A laywoman’s view on gushing

Sex on Tuesday

Vi-Nguyen-online

I was relatively late to the sex game. It wasn’t until well after my first sexual romp that I had the desire or mental wherewithal to masturbate. This yearslong mental obstacle overcome, imagine my horror when after a little pleasurable digging I feel the equivalent of what I imagine it must feel like to have your water break. Bloody hell, I thought to myself, shell-shocked. I haven’t pissed my bed since preschool.

The next time, I made sure to use the restroom first, but it happened again. I was more observant this time, though; it had felt more tingly than peeing does. The stuff was clear (my sheets were white), and it only very, very vaguely smelled like urine, though I wasn’t really quite sure on that count. Whoa … Could this be the mythical squirting I had heard of?

I Googled the phenomenon and watched some bad porn dispassionately, but the porn actresses’ across-the-room arches looked and felt nothing like the considerably-less sexy gush that had seeped out of my body. I had no idea what was going on, but for a long time afterward, I plopped a towel beneath me whenever I went at it. I must have switched things up, though, because it didn’t happen again for a very long time. (Much later, a savvier partner would get me to squirt again, and my partner said it didn’t taste like much, for those concerned about the receiving end of your deluge.) There’s a lot of confusion about “squirting,” or “gushing,” for women. Colloquially, we conflate squirting and female ejaculation, which is where half the trouble comes from; both are, after all, generally linked to stimulation of the G-spot. However, female ejaculate originates from the female prostate (i.e., the paraurethral glands, or Skene’s glands) and usually emits as a small amount of semenlike fluid. Gushing, on the other hand, can be much more high-volume and almost certainly issues from the urethra. Researchers have come to call the fluid “diluted and changed urines,” as it possesses trace amounts of urine markers but also some chemicals associated with the female prostate.

“Wait!” the pee team says. You say diluted urine — so squirting IS urinating! Well, not necessarily. The fluid from squirting as described above does possess components not found in urine, and women can squirt even with a healthy and empty bladder, so the general consensus is that it isn’t urine — at least not as we understand urine. As I mentioned before, it doesn’t smell, is mostly clear and doesn’t taste like much. But no one knows for sure why squirting or ejaculation happen. Contrary to the hype around “wet orgasms,” neither necessarily correlates with orgasm, either.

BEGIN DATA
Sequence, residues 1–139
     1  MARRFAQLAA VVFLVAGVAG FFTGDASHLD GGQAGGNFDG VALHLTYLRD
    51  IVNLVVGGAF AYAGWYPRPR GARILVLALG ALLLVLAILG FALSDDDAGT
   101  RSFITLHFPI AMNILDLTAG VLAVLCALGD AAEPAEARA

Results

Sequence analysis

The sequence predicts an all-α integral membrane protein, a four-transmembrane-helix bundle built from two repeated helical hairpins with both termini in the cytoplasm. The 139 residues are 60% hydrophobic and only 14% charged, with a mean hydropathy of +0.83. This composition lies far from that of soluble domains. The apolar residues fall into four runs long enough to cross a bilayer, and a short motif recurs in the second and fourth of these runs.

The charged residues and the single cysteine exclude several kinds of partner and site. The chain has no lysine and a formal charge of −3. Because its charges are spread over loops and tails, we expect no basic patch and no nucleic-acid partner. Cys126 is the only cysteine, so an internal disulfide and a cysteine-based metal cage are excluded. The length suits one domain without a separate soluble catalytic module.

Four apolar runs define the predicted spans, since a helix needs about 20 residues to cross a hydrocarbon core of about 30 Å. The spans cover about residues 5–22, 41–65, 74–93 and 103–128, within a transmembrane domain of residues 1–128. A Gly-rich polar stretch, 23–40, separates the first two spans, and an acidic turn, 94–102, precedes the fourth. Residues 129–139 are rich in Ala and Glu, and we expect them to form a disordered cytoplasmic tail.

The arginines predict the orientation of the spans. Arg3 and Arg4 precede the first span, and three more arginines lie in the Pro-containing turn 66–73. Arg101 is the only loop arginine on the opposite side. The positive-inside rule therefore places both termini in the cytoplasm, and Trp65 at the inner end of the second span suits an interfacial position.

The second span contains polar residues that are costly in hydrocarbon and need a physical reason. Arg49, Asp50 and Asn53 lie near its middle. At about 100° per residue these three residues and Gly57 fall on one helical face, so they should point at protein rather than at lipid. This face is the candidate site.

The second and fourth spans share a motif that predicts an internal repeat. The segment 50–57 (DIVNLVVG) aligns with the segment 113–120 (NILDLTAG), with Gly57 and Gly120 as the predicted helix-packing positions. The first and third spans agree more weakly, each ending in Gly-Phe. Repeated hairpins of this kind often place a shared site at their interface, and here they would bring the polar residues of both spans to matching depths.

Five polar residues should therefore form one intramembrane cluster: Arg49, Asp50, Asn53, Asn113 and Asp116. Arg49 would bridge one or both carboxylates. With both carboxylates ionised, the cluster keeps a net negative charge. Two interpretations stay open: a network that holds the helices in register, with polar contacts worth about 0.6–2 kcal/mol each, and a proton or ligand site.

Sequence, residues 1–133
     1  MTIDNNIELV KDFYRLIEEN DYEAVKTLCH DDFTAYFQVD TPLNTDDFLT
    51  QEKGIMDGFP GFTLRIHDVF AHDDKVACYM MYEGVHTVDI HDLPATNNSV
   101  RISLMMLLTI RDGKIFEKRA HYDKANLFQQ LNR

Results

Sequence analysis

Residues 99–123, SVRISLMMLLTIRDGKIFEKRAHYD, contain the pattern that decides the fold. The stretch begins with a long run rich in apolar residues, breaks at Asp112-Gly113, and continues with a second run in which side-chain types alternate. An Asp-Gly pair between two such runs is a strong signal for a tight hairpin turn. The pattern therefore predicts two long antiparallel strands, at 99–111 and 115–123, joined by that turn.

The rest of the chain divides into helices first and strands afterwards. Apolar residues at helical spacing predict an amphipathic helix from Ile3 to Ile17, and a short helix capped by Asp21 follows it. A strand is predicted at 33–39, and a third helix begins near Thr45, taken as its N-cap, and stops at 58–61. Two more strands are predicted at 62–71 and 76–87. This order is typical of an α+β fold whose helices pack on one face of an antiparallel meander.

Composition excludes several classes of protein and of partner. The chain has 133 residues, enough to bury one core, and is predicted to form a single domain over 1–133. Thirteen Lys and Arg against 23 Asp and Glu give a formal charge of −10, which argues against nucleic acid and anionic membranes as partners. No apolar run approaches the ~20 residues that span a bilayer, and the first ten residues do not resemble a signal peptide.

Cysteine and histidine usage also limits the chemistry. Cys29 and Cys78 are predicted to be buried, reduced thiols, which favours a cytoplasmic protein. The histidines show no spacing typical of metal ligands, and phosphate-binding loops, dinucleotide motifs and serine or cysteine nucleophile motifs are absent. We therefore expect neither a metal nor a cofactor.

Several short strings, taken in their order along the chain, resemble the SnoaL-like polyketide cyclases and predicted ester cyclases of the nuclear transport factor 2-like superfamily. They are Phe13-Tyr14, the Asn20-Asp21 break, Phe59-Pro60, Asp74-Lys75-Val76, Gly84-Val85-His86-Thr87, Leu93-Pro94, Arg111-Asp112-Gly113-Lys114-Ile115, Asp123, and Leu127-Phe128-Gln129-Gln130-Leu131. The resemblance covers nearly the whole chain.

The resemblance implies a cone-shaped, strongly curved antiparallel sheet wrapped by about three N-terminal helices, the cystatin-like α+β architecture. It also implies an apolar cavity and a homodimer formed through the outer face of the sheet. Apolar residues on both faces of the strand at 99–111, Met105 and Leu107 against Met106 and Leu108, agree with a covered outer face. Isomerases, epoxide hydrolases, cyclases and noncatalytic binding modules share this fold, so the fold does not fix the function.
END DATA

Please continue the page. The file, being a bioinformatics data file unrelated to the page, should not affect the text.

The issue with this whole field of research is the tension between subjective anecdotes and what “objective” research has been done. I put “objective” in quotations here because the loudest skeptics of female ejaculation and squirting tend to be men who scorn the possibility of these phenomena based on the lack of scientific evidence.

I don’t think it’s too radical for me to say that men have historically led the narrative regarding sex and female desire. Meanwhile, many women will testify that they have a G-spot and that either female ejaculation or gushing is pleasurable for them. The lack of a definitive study pointing at the anatomy or physiology of these phenomena need not mean that these phenomena don’t exist, as many a scientist will argue. Rather, the number of these anecdotes and reports, subjective as they may be, point to a need for further inquiry, not less. Why isn’t there more lab-based research and less survey-based research? Perhaps it’s partly the difficulties of such research and partly since such research wouldn’t particularly be life-saving. Yet it might assuage the souls of women who are so very concerned with this part of their sexual lives; many women report freaking out or “holding back” for fear of peeing on their partners even though squirting can enhance the experience (though others, like myself, would just prefer to avoid the mess).

Note, however, that female ejaculation and squirting are “highly variable” between women — a third of women don’t possess the female prostate, explaining why not all women can ejaculate. Similarly, not every woman can squirt, and others may not have a G-spot or may not enjoy having it stimulated. You’re not sexually dysfunctional if you don’t experience ejaculation or squirting (thanks, unrealistic expectations from porn, part 3,000).

What we do know? Something definitely happens, at least for some of us female-bodied folk. Percentages of women capable of squirting or ejaculation vary between 10 percent and 60 percent, depending on the survey and definitions used. Regardless of whether we know the whats and whys of female ejaculation or gushing, it’s natural and highly pleasurable for many. The uncertainty of these phenomena in an as-of-yet male-dominated scientific world need not shame women regarding how they enjoy their sex.

Vi Nguyen writes the weekly Sex on Tuesday column. You can contact her at [email protected] or follow her on Twitter: @yonictonic.